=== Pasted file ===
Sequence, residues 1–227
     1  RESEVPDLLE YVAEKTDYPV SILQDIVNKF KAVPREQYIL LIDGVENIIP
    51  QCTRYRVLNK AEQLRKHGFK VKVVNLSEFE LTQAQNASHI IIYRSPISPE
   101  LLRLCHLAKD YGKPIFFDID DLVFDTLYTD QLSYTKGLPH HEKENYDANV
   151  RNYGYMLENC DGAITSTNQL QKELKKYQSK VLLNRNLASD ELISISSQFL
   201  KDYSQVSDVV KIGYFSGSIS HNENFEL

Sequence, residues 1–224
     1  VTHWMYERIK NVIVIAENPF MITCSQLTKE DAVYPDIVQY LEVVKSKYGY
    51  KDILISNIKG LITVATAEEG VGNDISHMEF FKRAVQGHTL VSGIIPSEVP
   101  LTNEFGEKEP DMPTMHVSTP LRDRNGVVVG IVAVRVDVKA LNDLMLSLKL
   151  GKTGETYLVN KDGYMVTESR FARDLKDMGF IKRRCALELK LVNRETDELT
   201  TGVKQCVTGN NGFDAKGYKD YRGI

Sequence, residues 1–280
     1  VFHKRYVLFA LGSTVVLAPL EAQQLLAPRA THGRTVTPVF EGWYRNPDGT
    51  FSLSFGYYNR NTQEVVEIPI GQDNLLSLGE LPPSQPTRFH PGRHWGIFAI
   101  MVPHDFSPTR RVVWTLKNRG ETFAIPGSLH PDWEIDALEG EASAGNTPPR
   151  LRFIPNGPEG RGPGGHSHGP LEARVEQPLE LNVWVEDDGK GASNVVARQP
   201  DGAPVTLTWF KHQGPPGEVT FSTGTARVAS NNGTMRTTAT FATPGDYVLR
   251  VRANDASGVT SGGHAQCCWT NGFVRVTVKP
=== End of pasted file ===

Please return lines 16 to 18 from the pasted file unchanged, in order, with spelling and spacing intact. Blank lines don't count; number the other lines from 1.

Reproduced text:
   101  MVPHDFSPTR RVVWTLKNRG ETFAIPGSLH PDWEIDALEG EASAGNTPPR
   151  LRFIPNGPEG RGPGGHSHGP LEARVEQPLE LNVWVEDDGK GASNVVARQP
   201  DGAPVTLTWF KHQGPPGEVT FSTGTARVAS NNGTMRTTAT FATPGDYVLR